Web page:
The electrospray ionization deposition method (ESID) is based on the atomic dispersion of ﬂuid that contains molecules or nano-articles under high electric ﬁeld onto a substrate. The spray nozzle is connected to a high-voltage power supply while the target substrate is grounded. This creates a potential difference and therefore, a strong electric ﬁeld which builds up at the end of the nozzle which forms a Taylor cone. The Taylor cone then deforms into a jet at the tip and disperses into a ﬁne mist. Within the mist there are charged clusters that deposit onto the substrate due to ionic attraction which form a nanoﬁlm. (For illustration of the above, see Figure 2.)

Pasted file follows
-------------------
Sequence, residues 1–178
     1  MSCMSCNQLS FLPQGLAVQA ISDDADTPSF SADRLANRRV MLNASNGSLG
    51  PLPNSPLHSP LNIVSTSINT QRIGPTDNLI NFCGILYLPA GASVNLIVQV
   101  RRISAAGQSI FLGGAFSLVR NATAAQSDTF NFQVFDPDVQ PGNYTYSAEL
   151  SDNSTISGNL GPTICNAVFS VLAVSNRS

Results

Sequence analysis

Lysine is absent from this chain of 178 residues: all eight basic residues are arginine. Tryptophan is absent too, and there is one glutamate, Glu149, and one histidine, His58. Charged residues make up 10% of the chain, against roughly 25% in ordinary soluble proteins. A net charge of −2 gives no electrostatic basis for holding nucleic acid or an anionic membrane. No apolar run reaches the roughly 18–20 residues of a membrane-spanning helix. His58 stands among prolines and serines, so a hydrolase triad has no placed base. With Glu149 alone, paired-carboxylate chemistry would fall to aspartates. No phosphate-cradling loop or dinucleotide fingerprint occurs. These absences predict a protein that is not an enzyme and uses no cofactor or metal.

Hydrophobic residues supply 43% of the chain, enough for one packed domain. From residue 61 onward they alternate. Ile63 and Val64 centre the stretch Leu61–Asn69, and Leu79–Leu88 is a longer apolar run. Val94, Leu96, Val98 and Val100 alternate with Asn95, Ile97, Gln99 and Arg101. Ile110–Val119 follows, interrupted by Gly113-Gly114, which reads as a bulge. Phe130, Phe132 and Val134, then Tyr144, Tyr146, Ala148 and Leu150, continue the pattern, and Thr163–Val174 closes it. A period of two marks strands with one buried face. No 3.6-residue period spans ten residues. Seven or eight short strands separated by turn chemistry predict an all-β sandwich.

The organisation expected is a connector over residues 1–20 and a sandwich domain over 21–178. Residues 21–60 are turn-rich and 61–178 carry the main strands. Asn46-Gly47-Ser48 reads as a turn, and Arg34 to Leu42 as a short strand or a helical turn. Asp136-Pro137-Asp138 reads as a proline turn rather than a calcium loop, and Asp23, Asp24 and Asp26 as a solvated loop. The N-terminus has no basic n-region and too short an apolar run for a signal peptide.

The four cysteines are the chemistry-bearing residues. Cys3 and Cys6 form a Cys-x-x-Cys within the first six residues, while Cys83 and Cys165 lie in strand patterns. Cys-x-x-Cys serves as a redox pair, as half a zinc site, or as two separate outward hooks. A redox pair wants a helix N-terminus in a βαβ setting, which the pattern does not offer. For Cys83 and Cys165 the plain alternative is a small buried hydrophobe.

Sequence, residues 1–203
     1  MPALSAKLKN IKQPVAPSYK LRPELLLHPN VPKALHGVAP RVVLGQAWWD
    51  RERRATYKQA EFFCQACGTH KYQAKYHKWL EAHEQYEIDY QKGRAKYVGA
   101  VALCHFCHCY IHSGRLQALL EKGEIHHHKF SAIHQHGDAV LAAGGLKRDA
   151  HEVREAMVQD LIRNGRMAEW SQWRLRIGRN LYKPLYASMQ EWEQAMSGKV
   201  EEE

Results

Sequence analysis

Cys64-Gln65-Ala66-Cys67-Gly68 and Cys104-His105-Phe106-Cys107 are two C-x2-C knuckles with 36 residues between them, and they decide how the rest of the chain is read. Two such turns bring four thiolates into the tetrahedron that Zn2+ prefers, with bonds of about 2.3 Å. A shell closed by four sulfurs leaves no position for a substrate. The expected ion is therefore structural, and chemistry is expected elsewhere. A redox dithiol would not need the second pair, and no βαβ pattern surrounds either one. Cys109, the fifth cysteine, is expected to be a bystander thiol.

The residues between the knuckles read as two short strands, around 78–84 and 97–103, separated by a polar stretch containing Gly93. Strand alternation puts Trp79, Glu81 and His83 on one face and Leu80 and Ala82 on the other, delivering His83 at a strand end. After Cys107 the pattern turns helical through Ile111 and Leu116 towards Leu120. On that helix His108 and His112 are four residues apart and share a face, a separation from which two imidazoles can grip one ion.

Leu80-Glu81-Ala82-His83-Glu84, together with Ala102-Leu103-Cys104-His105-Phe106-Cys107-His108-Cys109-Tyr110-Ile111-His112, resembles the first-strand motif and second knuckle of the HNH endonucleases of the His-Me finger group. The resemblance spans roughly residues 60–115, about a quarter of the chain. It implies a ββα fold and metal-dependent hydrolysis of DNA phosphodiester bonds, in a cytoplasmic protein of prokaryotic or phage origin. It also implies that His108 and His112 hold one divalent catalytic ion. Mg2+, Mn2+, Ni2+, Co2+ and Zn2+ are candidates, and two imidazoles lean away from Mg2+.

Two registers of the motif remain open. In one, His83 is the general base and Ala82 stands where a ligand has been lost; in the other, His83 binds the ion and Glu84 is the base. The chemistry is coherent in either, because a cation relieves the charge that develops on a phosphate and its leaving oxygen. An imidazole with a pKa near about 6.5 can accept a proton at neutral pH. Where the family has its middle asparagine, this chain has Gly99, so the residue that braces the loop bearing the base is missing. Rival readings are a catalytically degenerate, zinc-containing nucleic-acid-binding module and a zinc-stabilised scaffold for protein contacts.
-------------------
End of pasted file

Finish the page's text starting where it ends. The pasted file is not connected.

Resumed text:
During the ﬂuid dispersion, there are several processes occurring such as Taylor cone formation, charge transfer, solution evaporation, Coulomb ﬁssion, impact on the surface, nucleation, diffusion and nanoﬁlm growth.
Effusion cell model Evap40 is a miniature vapor source of wide range solid state materials that are suitable for evaporation from crucible by thermal radiation from the surrounding tungsten heater.
The temperature range is from 50 °C to 1200 °C. It is designed for deposition of uniform thin films under ultra high vacuum conditions onto the substrate from sub-monolayer thickness to multilayered thin film.
The electron beam evaporator, model EB-Evap 40 is a compact vapour source of almost any solid state material that is needed for deposition of thin film on substrate.
The temperature range for material evaporation is from 100 °C to 2300 °C. Evaporation is directly from 2 mm diameter rod or indirectly from the small crucible.
The unit is very compact and suitable for any UHV system.